The effect of biofilm colonization on the stability of non-cohesive sediments

Vignaga, Elisa (2012) The effect of biofilm colonization on the stability of non-cohesive sediments. PhD thesis, University of Glasgow.

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Printed Thesis Information: https://eleanor.lib.gla.ac.uk/record=b2937938

Abstract

In the past decades, engineers have started to realize the importance of the interaction
between vegetation, biota and water flow, in riverine and marine environments; a
discipline that has been named “Eco-Hydraulics”. Scientists have valued this coupled
phenomenon for much longer than their engineering colleagues. As early as 1970,
marine researchers presented the evidence that colonies of micro-organisms might alter
the stability of fine cohesive sediments (Neuman et al., 1970). However traditional
models of sediments transport (e.g. Shields, 1936) have been derived using abiotic
sediments and did not consider that most wet surfaces would soon be colonized by
micro-organisms and their extracellular polymeric substances (EPS), a combination
called “biofilm” (Lock, 1993). Scientists during the 1990s, after observing this
phenomenon in the field, coined the term “biostabilization”. During this period they
showed that colonies of cyanobacteria and diatoms coating fine sand or cohesive
sediments can increase their stability by up to 960% compared to abiotic sediments
(Grant and Gust, 1987; Dade et al, 1990; Paterson 1997). Only recently have engineers
started to take into consideration the effect of such increased cohesion and adhesion
due to biogenic forces within the sediment transport model (Righetti and Lucarelli,
2007); yet all of those studies have low applicability because they are linked to specific
environmental conditions. Moreover no data are available on the effect of biofilm on
larger sediments (e.g. coarse sand and gravel).
The present thesis provides experimental data carried out in a flume laboratory
pertaining to biostabilization of non-cohesive coarse sand and gravels at a scale
representation of a real river system (from 0.2m to 1m). Four sediment substratum
(glass spheres of D50 = 1.09mm and 2.00mm; sand of D50 = 1.20mm and gravel of D50 =
2.20mm) were colonized under unidirectional flow by a cyanobacterium (Phormidium
sp.) for between 1 and 10 weeks. The increase in erosion threshold for biotic sediment
is then investigated using a series of different methods ranging from traditional
sediment transport techniques (e.g. Yalin, 1972), to image thresholding and particle
image velocimetry (PIV) assessments of flow modification due to biofilm presence.
Moreover, tensile strength analysis of ex-situ biofilm/substratum specimens will be
presented to understand better the mechanical property of this composite material.
Data indicates that: i) biostabilization of sediments in the range of coarse sand and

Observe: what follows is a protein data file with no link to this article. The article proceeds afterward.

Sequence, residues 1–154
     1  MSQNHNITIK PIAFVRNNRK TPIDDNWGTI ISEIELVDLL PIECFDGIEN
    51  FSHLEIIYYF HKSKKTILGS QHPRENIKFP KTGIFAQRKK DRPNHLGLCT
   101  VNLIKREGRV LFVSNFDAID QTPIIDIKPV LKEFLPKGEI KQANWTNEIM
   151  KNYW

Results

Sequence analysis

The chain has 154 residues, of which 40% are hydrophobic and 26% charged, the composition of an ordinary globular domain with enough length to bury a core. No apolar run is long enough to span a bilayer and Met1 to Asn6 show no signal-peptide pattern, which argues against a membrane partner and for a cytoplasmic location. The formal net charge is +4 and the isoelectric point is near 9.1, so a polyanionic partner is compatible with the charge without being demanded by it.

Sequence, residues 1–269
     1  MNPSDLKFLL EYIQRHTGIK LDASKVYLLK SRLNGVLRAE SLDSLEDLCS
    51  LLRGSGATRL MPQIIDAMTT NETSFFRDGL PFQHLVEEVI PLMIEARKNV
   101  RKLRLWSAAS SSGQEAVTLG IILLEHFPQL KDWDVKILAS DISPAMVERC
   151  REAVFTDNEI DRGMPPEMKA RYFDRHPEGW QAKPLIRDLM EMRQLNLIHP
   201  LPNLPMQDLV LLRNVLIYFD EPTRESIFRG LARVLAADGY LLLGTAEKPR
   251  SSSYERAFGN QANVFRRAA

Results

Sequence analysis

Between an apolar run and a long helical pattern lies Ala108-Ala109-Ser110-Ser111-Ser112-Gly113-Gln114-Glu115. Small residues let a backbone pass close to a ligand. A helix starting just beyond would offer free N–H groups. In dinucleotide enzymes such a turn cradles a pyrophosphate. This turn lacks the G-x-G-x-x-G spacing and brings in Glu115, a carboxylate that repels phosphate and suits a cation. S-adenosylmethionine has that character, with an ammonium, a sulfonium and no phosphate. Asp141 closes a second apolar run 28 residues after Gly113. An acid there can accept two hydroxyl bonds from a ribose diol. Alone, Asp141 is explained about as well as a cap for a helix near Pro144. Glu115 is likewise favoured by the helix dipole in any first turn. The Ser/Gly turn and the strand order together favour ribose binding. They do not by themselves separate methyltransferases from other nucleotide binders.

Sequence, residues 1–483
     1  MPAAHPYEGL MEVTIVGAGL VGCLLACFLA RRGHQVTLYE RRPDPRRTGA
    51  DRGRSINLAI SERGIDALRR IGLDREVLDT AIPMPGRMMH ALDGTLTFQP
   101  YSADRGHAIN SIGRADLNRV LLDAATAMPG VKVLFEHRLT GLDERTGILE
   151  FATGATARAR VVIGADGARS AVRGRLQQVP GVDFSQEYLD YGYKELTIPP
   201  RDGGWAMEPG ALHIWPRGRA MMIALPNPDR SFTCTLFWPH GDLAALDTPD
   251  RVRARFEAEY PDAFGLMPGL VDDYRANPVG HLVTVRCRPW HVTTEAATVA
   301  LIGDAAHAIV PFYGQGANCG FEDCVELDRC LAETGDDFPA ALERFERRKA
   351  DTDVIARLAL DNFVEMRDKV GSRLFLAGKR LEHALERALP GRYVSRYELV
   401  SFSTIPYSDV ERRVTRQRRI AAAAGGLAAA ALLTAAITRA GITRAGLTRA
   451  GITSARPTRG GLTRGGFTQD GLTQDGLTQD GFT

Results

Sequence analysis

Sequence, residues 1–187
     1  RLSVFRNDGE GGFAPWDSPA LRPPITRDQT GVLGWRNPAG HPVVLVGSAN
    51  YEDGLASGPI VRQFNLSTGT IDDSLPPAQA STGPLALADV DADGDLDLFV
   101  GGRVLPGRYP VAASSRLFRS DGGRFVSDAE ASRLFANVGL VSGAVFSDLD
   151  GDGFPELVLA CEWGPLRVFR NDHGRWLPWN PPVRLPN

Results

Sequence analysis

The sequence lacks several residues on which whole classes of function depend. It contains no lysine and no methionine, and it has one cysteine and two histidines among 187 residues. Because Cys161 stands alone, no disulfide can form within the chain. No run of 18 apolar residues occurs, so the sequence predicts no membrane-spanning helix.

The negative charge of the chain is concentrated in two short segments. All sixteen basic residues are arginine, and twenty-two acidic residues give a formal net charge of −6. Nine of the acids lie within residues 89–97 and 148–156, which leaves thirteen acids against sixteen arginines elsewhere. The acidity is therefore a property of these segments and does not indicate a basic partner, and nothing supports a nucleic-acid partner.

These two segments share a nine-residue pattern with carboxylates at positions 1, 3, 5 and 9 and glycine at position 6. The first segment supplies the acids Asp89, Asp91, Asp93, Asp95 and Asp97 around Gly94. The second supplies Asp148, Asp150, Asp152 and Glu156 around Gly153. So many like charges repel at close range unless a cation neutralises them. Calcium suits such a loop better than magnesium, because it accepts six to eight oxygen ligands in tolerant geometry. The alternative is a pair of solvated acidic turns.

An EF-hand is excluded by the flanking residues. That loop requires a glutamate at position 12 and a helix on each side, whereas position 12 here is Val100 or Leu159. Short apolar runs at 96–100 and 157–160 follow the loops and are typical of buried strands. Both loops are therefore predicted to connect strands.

gravel occurs (9%-150% more shear stress required to induce entrainment compared to
abiotic sediments) but to a lower extent compared to critical entrainment thresholds
for fine sand and cohesive sediments (Paterson, 1997); ii) flume experimentation can be
employed to control specific variables affecting biostabilization and could help to
unfold the complicated interactions between environmental variables, and the affect of
flow on the growth and strength of biofilm colonization over sediments; iii) strong
biofilm growth generated a more uniform velocity field, with reduction in shear stress
(up to 82% compared with abiotic sediments) and decreases in roughness length of the
bed (up to 94% compared to abiotic sediments); iv) Composite biofilm/substratum
specimens presented a clear elastic behaviour when tensile tested; v) Conventional
models of sediment transport (e.g. Wiberg and Smith, 1987) do not consider the
presence of biofilm and will not work in the case of bio-mats smoothing the surface of
the bed; hence the need for new models which include the biofilm elasticity and the
bio-mat smoothing process. This thesis suggests two theoretical examples where the
biofilm action is considered at a grain to grain and bio-mat scale.

Item Type: Thesis (PhD)
Qualification Level: Doctoral
Keywords: Biostabilization, sediment transport, non-cohesive sediments, flume, erosion, Eco-Hydraulics, PIV, tensile testing
Subjects: Q Science > QE Geology
G Geography. Anthropology. Recreation > GB Physical geography
T Technology > TC Hydraulic engineering. Ocean engineering
Colleges/Schools: College of Science and Engineering > School of Engineering > Infrastructure and Environment
Supervisor's Name: Sloan, Prof William T.
Date of Award: 2012
Depositing User: Miss Elisa Vignaga
Unique ID: glathesis:2012-3505
Copyright: Copyright of this thesis is held by the author.
Date Deposited: 06 Jul 2012
Last Modified: 10 Dec 2012 14:08
URI: http://theses.gla.ac.uk/id/eprint/3505

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